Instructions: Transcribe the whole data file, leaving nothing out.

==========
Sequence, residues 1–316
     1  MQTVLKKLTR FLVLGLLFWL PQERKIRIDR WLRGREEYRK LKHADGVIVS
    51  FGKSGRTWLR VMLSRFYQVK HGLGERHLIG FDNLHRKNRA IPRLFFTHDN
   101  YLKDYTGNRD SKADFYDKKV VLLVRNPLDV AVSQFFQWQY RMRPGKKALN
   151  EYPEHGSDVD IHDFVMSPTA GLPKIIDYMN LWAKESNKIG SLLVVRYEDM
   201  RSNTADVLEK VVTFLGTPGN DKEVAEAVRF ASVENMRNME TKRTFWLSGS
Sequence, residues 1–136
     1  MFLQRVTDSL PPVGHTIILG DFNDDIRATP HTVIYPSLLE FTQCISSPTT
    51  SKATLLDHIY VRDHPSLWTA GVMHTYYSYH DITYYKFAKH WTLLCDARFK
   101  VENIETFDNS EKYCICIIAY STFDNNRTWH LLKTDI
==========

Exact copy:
Sequence, residues 1–316
     1  MQTVLKKLTR FLVLGLLFWL PQERKIRIDR WLRGREEYRK LKHADGVIVS
    51  FGKSGRTWLR VMLSRFYQVK HGLGERHLIG FDNLHRKNRA IPRLFFTHDN
   101  YLKDYTGNRD SKADFYDKKV VLLVRNPLDV AVSQFFQWQY RMRPGKKALN
   151  EYPEHGSDVD IHDFVMSPTA GLPKIIDYMN LWAKESNKIG SLLVVRYEDM
   201  RSNTADVLEK VVTFLGTPGN DKEVAEAVRF ASVENMRNME TKRTFWLSGS
Sequence, residues 1–136
     1  MFLQRVTDSL PPVGHTIILG DFNDDIRATP HTVIYPSLLE FTQCISSPTT
    51  SKATLLDHIY VRDHPSLWTA GVMHTYYSYH DITYYKFAKH WTLLCDARFK
   101  VENIETFDNS EKYCICIIAY STFDNNRTWH LLKTDI